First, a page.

The perversity of antiboxing laws in 1896 turned the historic February match between Bob Fitzsimmons and Pete Maher (who held the heavyweight title presented to him by Corbett) into a highly touted traveling carnival that had little to do with boxing. That the fight finally took place can be credited to the ingenuity of Judge Roy Bean, an irrepressible opportunist who dispensed both justice and liquor with equal aplomb from his saloon in Langtry, Texas.
Impresario Dan Stuart had originally chosen El Paso for the match. By January hundreds of fans, gamblers and pickpockets had poured into the town. Suddenly a reform governor convened the state legislature and in 48 hours had boxing banned in Texas. Arkansas, Arizona and New Mexico, anticipating a move by Stuart to hold the fight within their boundaries, acted quickly to block him. Mexico's President Diaz immediately issued an official pronunciamento against all prizefighting. For Stuart, this last blow was crushing. His hopes of staging the bout in southwestern United States appeared effectively stymied. But this was without figuring on Judge Bean who, it soon became obvious, could make money squeezing water out of barrel cactus. His last-minute telegram saved the fight, INVITE YOU, he wired, TO HOLD FIGHT IN LANGTRY. I AM LAW WEST OF PECOS AND GUARANTEE PROTECTION. JUDGE ROY BEAN.
Stuart, like everyone else, had heard incredible tales about the judge. The only recognized fact was that Roy Bean had personally named his Texas village Langtry and his saloon the Jersey Lilly (sic) in honor of his idol, Actress Lily Langtry. A typical story told about him was that he had fined a dead man for the sum found on the corpse. Another said he let a known murderer go free. But whether or not he was an incorrigible scoundrel, the judge was the one man who could hold the outlawed fight.
Into El Paso, with his Texas Rangers, stalked Adjutant General Mabry. "The governor has ordered us to stop the fight," he told newspapermen, "assuming it's held in Texas." Dan Stuart kept mysteriously silent about the site and then put up a notice outside his office: PERSONS DESIROUS OF ATTENDING PRIZEFIGHT REPORT AT THESE HEADQUARTERS TONIGHT AT 9:45. ROUND TRIP FARE WILL NOT EXCEED $12.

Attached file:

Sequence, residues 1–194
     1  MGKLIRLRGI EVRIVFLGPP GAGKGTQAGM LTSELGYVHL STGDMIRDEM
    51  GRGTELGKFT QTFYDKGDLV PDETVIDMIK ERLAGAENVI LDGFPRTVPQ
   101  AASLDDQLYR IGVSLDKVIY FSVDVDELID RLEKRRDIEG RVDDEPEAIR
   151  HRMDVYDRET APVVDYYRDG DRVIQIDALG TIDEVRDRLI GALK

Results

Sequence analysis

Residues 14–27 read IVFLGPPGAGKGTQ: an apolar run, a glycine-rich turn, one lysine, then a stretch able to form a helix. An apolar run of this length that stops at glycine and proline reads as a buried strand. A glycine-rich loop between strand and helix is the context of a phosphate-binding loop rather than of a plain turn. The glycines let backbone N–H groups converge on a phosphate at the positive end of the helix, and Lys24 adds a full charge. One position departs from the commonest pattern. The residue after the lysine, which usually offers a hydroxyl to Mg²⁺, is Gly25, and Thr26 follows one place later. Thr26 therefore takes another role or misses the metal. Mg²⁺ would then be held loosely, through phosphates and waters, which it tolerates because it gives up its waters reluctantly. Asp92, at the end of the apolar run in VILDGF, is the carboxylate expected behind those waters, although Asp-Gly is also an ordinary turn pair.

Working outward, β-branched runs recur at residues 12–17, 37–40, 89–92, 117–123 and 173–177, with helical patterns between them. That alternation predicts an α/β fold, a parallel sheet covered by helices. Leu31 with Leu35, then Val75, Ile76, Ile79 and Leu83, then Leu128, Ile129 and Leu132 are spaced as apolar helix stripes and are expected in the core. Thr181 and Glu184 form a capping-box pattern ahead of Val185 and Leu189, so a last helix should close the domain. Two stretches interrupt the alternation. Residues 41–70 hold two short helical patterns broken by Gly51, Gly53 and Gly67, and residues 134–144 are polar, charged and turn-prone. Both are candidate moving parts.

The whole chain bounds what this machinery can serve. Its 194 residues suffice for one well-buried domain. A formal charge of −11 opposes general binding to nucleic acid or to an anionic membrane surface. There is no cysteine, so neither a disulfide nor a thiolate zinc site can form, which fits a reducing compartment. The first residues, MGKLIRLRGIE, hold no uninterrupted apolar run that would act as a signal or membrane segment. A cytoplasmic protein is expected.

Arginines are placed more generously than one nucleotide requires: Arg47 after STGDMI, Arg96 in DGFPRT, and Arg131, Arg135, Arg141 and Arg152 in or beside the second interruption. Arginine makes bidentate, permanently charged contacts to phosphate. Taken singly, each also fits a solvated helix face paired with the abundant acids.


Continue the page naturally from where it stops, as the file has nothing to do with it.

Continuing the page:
May 4, 1958
By shortly after 9 o'clock, 300 excited fans had jammed the 10 extra coaches the Southern Pacific had added to its regular train. General Mabry and his Rangers squeezed on board, to make sure Stuart didn't hold the fight within the state. The fight special pulled out at midnight, and some 16 hours and 400 miles later it disgorged a disheveled crowd at ramshackle Langtry. The judge, a heavy-set man with a grizzled beard covering most of his face, sported his usual battered Stetson. He welcomed his guests loudly, shouting, "This way to the fight of the century, gents, and there's cold beer at ringside." Between towering bluffs on each side of the Rio Grande River along the United States-Mexican border was a cleared-out space on a river sand bar. This was Judge Bean's "ringside." No seats, just a circle enclosed by a wall of canvas circus tenting.
High on the U.S. bluffs the general yelled at his Rangers: "Damn Roy Bean! He's staging the fight outside the United States!" The sand bar was in Mexican territory and so isolated there weren't any of Porfirio Diaz' troops or police within several hundred miles of the scene.
Finally, the great Fitzsimmons strode confidently into the ring. Maher emerged nervously. The crowd applauded and the timekeeper banged the bottom of a tin bucket for Round One. Fitz moved out of his corner and threw a left and, after a few blows, Maher hit the canvas. That, in all its sadness, was the entire fight. The referee raised Ruby Robert's hand, and the stunned crowd realized they had come 400 miles and paid $20 to see 95 seconds of virtually nothing.
"Have some nice cool beer at the Jersey Lilly while you wait for the train," comforted the charitable judge. Bean had thoughtfully provided an extra carload of beer for which he charged the spectators $1 a bottle, only 100% more than his usual price. By the time the disillusioned fans had left on the El Paso train, Roy Bean had done a good day's business.
The real loser, however, was Dan Stuart. He emerged unvictorious and shirtless, partly because many spectators had enjoyed a free view from the bluffs. But the crafty judge had made a killing in beer and had focused the eyes of the sport-loving world on his beloved town of Langtry.